Abba Gumel
Contact Info
Office: ATL 4xxx
Office: MATH 3111
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Abba Gumel
Professor of Mathematics, Biology and IPST
The Michael and Eugenia Brin Endowed E-Nnovate Chair in Mathematics

Research Interests: I am a mathematical biologist, who specialize in designing, rigorously analyzing and parameterizing novel mathematical models for gaining insight and understanding on the transmission dynamics and control of emerging and re-emerging infectious diseases of public health significance. My team and I have addressed research questions pertaining to the mathematics of the ecology, epidemiology and immunology of some infectious diseases of humans and other animals. We are currently focused on the following research questions and/or projects:

  • What is the impact of anthropogenic climate and environmental changes on the global burden and distribution of vector-borne diseases, such as malaria, dengue fever, Zika and West Nile virus?
  • Is there a connection between insecticide resistance and malaria epidemiology? This entails designing a novel genomic-epidemiology framework for malaria transmission dynamics in a population, where the malaria vector (Anopheles mosquitoes) are stratified according to genotype.
  • What is the impact of land use changes and human mobility on the global burden and distribution of infectious diseases?
  • Mathematics of the One Health Initiative … where public health is viewed holistically within the human-animal-environment nexus. This is critical in using mathematical approaches to predict the likelihood, and effective control and mitigation, of major disease outbreaks and pandemics.
  • Assessment of nonpharmaceutical and pharmaceutical control and mitigation strategies against human and other animal diseases of major public health significance.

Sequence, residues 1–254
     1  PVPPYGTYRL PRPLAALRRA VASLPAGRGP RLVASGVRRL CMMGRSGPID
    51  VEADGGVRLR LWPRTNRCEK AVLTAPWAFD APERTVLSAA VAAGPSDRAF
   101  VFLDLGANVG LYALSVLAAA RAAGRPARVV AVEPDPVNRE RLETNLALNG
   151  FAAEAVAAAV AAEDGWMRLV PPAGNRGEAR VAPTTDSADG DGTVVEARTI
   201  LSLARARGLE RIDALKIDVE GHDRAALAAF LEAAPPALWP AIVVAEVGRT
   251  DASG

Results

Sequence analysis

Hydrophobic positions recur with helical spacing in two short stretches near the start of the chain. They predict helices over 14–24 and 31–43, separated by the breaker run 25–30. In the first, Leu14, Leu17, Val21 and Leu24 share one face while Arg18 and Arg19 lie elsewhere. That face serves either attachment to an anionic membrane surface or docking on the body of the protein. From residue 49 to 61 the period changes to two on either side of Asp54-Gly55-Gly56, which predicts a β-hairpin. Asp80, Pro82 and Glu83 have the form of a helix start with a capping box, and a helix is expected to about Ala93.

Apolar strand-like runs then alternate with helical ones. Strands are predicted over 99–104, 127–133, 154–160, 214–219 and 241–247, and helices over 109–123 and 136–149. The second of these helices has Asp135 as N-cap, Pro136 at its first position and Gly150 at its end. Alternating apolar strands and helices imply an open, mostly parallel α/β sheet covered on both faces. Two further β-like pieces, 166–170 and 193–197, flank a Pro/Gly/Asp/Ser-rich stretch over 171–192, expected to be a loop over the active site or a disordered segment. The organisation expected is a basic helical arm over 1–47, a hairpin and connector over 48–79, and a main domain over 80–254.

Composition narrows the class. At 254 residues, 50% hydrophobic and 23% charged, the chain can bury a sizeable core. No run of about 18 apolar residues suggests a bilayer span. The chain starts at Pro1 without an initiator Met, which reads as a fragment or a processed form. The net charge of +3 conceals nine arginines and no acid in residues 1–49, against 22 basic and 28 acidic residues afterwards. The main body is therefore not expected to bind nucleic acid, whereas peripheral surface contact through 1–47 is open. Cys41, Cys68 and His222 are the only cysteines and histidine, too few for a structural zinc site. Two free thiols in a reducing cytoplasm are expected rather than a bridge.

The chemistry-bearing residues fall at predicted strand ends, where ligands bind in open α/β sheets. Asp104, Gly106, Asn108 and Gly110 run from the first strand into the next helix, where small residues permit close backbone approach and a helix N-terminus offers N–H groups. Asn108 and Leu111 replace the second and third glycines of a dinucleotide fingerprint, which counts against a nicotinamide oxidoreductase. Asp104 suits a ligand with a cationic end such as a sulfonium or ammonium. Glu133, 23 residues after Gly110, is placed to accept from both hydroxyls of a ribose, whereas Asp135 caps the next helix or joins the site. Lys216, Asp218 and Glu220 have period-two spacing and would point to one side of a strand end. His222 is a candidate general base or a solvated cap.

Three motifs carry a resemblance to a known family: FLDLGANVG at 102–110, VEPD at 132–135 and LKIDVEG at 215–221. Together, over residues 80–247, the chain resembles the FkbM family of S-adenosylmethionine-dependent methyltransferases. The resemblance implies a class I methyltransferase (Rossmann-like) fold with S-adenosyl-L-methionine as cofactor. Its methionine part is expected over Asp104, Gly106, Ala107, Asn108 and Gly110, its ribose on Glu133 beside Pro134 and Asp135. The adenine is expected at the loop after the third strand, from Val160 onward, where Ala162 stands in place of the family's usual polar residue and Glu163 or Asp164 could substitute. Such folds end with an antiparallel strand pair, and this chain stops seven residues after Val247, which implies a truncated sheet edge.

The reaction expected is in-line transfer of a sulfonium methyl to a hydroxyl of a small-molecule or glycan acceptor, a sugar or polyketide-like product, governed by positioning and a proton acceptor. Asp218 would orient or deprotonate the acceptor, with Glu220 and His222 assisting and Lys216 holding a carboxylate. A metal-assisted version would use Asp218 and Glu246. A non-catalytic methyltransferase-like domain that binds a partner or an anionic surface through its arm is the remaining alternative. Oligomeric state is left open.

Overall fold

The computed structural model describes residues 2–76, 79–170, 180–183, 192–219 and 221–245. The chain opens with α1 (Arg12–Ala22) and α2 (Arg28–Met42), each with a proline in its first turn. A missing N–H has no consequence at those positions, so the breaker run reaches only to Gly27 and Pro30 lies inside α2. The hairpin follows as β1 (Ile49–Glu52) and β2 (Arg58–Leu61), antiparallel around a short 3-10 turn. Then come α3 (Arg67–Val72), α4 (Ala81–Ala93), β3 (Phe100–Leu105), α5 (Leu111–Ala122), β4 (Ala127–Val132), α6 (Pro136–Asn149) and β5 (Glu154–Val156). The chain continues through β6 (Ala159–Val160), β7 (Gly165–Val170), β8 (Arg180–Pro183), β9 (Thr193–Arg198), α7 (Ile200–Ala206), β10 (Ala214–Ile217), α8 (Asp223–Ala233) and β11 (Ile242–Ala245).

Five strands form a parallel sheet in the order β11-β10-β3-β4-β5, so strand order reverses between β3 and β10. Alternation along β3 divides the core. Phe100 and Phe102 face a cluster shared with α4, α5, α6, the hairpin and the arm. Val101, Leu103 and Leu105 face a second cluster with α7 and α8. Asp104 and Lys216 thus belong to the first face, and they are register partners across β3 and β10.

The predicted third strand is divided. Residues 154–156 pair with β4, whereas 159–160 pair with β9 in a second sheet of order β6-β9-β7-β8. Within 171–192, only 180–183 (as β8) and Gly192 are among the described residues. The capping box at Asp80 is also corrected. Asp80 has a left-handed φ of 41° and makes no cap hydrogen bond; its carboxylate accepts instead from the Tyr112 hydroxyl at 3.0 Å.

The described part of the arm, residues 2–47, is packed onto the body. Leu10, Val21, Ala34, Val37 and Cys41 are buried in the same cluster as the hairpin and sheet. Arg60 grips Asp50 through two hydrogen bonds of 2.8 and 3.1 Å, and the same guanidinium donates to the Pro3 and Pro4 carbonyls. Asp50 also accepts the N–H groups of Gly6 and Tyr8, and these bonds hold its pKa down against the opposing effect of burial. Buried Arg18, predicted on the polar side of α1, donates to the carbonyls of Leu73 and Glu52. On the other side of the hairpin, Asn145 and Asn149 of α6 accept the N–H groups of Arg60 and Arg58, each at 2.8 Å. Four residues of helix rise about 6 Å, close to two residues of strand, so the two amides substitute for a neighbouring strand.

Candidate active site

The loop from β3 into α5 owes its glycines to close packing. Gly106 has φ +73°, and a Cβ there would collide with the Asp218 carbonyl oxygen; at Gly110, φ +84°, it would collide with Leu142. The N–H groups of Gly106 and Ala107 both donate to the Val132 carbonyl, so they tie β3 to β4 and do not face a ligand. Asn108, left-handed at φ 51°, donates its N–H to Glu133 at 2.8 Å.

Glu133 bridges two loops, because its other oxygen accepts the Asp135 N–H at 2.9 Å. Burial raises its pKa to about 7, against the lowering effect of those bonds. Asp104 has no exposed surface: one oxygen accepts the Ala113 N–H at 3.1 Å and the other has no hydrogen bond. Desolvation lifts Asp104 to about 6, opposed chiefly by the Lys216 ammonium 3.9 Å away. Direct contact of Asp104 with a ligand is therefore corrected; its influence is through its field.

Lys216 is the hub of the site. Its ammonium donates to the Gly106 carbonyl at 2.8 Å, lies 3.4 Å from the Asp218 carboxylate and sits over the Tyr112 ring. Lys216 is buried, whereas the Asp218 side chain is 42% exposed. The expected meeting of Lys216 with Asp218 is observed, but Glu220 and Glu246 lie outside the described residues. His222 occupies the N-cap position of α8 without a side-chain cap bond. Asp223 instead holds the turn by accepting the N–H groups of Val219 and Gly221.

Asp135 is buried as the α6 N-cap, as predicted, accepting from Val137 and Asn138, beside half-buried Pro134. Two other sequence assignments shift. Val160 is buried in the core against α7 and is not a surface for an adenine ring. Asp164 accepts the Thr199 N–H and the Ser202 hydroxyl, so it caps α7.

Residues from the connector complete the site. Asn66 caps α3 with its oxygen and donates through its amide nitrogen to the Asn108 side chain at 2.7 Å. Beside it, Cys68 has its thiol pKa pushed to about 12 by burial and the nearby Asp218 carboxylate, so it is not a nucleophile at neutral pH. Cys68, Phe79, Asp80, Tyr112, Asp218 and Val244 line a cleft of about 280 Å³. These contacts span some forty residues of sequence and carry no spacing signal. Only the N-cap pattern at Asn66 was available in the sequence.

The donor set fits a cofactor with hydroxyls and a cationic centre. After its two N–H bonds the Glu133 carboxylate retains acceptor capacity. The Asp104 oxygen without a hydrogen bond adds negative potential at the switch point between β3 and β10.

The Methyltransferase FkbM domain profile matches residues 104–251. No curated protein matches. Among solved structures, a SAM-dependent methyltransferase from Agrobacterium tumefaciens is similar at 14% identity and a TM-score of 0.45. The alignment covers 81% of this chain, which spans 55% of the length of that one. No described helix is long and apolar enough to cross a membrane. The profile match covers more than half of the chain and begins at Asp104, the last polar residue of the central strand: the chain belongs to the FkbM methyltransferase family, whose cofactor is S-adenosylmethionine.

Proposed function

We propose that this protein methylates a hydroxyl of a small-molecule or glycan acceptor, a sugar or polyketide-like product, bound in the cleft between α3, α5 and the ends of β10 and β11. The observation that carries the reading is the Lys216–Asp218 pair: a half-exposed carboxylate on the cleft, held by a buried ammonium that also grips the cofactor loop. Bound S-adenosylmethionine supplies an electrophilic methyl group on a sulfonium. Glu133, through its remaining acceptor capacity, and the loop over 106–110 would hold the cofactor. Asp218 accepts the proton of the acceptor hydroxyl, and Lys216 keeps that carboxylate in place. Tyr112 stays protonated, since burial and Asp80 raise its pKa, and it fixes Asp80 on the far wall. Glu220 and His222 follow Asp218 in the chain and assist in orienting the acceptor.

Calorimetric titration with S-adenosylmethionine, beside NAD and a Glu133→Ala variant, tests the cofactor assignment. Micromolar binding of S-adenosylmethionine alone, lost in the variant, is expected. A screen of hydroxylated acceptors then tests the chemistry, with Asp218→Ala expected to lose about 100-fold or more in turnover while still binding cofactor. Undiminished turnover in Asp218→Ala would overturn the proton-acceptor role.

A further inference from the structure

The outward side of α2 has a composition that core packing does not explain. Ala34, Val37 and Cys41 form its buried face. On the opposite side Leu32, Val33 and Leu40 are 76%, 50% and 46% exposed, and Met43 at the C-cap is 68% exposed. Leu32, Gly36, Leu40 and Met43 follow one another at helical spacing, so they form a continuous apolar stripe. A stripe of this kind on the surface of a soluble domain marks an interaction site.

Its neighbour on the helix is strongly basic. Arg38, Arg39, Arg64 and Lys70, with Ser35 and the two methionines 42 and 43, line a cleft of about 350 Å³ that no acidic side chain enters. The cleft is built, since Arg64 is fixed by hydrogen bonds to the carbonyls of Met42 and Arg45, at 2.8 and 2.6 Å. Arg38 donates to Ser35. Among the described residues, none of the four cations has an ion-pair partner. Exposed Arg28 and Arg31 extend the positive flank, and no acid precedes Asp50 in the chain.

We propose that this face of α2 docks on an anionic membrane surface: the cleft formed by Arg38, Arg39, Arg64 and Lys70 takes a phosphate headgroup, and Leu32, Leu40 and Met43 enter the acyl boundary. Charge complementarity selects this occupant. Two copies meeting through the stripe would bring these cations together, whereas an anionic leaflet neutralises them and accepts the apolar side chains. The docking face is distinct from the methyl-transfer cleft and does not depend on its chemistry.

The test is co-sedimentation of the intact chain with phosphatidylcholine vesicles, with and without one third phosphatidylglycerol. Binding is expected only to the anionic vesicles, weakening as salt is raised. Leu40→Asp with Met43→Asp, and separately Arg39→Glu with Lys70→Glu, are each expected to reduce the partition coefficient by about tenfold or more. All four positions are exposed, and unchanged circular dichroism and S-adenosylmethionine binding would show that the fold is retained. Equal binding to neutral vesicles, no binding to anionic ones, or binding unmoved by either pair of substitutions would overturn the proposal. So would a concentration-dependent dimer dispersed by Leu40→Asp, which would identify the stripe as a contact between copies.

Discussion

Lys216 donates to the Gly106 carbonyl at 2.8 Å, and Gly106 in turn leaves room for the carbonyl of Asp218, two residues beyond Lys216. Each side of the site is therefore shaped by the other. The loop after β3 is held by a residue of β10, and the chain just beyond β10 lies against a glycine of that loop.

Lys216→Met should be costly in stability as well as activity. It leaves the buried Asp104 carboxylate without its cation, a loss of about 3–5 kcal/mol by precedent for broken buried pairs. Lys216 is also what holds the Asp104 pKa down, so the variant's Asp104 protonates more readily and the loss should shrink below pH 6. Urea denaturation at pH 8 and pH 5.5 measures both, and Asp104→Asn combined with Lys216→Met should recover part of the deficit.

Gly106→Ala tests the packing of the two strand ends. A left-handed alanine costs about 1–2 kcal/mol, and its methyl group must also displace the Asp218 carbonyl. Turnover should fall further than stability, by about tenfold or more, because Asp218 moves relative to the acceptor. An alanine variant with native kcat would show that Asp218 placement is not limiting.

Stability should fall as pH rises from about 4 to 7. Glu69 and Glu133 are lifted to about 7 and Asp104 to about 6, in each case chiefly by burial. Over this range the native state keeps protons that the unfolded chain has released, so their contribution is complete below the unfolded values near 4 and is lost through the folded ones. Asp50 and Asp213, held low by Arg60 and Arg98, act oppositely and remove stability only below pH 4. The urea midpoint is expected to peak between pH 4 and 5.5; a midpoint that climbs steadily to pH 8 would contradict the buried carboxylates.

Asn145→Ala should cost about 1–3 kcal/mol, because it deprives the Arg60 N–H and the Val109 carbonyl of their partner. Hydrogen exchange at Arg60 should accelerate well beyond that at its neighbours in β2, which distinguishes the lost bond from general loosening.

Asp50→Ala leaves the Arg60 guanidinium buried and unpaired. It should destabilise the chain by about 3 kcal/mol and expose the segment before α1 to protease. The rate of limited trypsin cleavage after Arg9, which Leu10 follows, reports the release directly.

The mathematical models we design are often of the form of deterministic systems of nonlinear differential equations (ordinary, partial or functional). We use or develop dynamical systems theories and methodologies for studying the qualitative dynamics of these models, aimed at determining, in parameter space, conditions for the persistence or effective control of the diseases being modeled. Specifically, we are interested in proving theorems for the existence and asymptotic stability of the steady-state solutions of the models, and in characterizing the associated bifurcation types. Statistics play a major role in our research work. We specifically use optimization and inverse problem approaches to fit models to data, estimate unknown parameters (needed for model validation and cross-validation), make predictions and carry out global uncertainty and sensitivity analysis for the parameters of the models. Our work also involves some computational component. The nonlinearity and large dimensionality of the models we often deal with necessitate the use of robust numerical discretization approaches to find approximations of their solutions. We are specifically interested in designing numerical methods that are dynamical-consistent (i.e., preserve the essential physical properties) of the governing continuous-time models being discretized.